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Since 2017, Oregon Sea Grant and the Oregon Department of Environmental Quality (DEQ) have been managing an internship program that helps companies in Oregon conserve water and energy, keep waste out of landfills and waterways, and save money.
Under the Oregon Applied Sustainability Experience program, current and recent college students in Oregon are matched with businesses and receive $6,700 thanks to the Environmental Protection Agency’s pollution prevention grants and some of the host companies.
The interns spend their summers up to their elbows in spreadsheets, crunching numbers and calculating chemical usage, carbon emissions and energy savings. They interview employees, study the lifecycles of products, and tour their hosts’ manufacturing and processing facilities. At the end of 10 weeks, they offer recommendations for ways to prevent pollution and reduce waste, and they tally up what that could mean for the environment and the companies’ pocketbooks.
Forty-three interns were placed with 35 businesses between 2017 and 2022. If the businesses implement the interns’ recommendations, then together the companies could save $6.7 million a year and reduce water use by nearly 120 million gallons annually, said Lisa Cox, a toxics reduction analyst at the DEQ. Each year, the recommendations could also prevent 317,000 pounds of pollution from being discharged into water, nearly 400,000 pounds of solid waste from being discarded, and 86,000 metric tons of carbon dioxide from being emitted, she said. She added that the suggestions could result in 571,000 fewer pounds of waste that’s currently considered hazardous each year; that’s because less would be produced and some would be reclassified as nonhazardous.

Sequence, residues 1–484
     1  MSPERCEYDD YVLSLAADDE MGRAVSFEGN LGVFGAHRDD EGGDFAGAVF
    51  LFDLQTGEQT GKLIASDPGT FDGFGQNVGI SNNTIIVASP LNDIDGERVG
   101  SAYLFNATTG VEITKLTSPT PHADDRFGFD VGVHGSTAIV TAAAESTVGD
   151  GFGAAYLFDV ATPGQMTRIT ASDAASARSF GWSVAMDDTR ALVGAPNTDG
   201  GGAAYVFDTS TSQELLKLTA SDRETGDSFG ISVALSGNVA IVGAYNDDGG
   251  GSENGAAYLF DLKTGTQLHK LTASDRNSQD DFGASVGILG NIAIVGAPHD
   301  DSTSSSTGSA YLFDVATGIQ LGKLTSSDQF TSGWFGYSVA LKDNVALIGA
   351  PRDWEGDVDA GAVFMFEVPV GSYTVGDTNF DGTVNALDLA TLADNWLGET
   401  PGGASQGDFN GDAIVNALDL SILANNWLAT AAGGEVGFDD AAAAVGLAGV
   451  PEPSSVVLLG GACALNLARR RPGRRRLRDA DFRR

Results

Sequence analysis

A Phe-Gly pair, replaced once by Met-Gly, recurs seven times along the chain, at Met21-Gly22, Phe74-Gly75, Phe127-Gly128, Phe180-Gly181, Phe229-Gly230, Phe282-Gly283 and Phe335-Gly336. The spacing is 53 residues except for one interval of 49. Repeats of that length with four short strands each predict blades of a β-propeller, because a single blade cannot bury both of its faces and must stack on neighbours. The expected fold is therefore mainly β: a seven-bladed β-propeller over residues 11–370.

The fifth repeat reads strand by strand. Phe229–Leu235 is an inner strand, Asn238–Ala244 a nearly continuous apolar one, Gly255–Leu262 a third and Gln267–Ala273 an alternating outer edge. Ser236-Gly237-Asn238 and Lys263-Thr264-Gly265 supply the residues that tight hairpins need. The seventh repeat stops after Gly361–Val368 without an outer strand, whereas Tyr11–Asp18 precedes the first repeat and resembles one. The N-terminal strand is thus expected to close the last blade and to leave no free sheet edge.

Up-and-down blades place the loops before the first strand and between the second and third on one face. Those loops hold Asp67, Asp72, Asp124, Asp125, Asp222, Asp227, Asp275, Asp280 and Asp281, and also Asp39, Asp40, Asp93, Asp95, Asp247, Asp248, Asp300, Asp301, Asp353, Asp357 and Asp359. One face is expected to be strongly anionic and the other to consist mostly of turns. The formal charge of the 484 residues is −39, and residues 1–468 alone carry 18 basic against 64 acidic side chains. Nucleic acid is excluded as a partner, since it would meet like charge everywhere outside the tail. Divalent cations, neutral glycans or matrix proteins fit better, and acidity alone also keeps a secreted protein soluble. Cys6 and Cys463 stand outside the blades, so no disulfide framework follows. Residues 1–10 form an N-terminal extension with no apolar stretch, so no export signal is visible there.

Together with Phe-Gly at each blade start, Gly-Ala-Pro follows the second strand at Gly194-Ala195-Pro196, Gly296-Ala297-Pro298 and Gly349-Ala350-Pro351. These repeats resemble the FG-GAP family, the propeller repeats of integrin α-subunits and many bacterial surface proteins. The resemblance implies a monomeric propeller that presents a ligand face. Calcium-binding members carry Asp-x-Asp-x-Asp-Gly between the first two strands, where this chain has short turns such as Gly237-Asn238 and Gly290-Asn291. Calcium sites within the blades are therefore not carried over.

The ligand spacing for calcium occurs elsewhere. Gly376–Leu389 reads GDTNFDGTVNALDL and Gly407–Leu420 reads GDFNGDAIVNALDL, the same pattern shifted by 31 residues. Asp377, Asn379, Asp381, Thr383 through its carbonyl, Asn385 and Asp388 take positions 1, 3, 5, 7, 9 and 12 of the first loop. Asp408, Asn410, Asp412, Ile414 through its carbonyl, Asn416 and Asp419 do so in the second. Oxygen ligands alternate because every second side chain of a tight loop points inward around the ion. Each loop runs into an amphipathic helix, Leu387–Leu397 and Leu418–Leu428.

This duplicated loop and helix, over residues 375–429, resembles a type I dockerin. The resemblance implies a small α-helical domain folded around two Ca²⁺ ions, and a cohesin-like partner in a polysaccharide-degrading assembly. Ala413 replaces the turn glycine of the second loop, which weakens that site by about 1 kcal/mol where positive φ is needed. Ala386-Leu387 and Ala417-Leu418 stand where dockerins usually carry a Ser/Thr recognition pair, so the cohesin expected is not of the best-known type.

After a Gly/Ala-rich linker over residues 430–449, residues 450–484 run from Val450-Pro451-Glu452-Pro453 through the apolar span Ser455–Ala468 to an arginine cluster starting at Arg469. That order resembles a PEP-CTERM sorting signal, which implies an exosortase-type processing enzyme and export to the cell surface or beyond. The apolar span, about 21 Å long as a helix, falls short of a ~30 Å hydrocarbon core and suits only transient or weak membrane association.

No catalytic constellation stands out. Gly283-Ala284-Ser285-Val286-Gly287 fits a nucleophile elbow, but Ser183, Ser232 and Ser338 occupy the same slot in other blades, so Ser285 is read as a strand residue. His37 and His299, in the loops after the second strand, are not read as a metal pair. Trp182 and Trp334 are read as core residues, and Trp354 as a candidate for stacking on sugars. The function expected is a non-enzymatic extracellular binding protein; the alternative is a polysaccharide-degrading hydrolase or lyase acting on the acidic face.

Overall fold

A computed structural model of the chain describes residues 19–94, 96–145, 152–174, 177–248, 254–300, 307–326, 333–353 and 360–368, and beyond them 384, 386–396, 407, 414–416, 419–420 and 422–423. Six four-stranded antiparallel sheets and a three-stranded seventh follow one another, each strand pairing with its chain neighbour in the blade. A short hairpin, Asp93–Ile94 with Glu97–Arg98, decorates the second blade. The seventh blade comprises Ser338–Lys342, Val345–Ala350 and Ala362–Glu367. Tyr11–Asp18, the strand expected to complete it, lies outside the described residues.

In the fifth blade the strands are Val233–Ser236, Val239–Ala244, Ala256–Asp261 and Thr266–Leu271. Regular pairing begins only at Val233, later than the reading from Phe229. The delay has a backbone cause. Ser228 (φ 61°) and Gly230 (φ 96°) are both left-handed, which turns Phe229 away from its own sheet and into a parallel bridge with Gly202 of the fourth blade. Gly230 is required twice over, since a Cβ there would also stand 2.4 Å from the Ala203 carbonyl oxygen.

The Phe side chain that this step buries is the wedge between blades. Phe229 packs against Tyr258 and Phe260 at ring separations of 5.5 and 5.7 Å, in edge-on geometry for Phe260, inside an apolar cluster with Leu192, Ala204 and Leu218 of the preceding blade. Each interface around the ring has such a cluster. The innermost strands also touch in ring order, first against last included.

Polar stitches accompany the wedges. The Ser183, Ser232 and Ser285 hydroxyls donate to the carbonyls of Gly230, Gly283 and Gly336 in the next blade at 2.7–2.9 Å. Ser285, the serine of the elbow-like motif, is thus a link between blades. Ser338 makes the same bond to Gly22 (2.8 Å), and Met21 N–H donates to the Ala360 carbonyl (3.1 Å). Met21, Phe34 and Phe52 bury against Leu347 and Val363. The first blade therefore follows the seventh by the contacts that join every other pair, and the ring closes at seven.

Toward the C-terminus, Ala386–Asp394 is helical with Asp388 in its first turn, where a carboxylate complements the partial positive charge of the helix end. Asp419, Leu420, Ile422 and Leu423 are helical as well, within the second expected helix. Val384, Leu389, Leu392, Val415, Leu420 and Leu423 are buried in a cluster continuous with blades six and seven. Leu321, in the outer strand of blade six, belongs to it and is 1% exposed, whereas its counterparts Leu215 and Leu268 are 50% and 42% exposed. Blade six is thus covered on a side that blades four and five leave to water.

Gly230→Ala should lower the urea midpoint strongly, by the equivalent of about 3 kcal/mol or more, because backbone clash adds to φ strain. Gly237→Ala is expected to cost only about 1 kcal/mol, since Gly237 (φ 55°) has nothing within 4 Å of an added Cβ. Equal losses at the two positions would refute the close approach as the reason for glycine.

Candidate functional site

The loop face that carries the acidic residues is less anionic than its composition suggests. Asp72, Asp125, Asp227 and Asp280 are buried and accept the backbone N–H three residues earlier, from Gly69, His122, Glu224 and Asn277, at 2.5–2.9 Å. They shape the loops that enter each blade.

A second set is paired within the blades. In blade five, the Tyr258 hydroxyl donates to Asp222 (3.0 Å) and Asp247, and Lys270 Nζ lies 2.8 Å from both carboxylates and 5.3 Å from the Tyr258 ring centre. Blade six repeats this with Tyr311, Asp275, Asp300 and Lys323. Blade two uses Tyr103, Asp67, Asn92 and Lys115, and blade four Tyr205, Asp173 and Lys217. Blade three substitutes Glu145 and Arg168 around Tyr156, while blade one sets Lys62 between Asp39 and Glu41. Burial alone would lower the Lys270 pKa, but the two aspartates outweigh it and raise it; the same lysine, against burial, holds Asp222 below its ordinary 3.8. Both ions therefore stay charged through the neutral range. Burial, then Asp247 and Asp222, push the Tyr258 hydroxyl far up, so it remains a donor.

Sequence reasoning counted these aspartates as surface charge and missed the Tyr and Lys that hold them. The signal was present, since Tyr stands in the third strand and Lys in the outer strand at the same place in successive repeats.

Justin Dickey, who was one of six interns in 2023, calculated that each year Bob’s Red Mill, for example, could save $3.7 million, reduce solid waste by 114,000 pounds, and cut carbon dioxide emissions by 1,800 metric tons by, among other actions, calibrating machinery that was unintentionally discharging food onto sealed bags.
The businesses and environment aren’t the only beneficiaries of the program, which aligns with Oregon Sea Grant’s focus on workforce development and resilient communities and economies. The interns gain valuable skills, add awards to their resumes, and parlay their experiences into jobs. For example, Tofurky intern Katherine Gwynn was named student of the year by the National Pollution Prevention Roundtable for creating a plan to reduce energy and water use. And Alan Haynes was recognized by the EPA for helping Widmer Brothers Brewing reduce the processed grain and yeast in its wastewater.
As her internship at Boeing came to an end, Tiffany Trinh reflected on what she learned, which included soft skills. “I learned to always be prepared. This includes conducting research on topics before meetings and preparing questions to ask,” she wrote. “I also learned to optimize my time with peers to get the most out of every interaction. Being able to network with Boeing engineers has been monumental. I am more certain now that I want to become a process engineer, taking on sustainability projects and improving processes.”
Inspired by the success of the internship program, the Washington Department of Ecology and Washington Sea Grant replicated it in 2022.
Text current as of January 2024. Written by Tiffany Woods.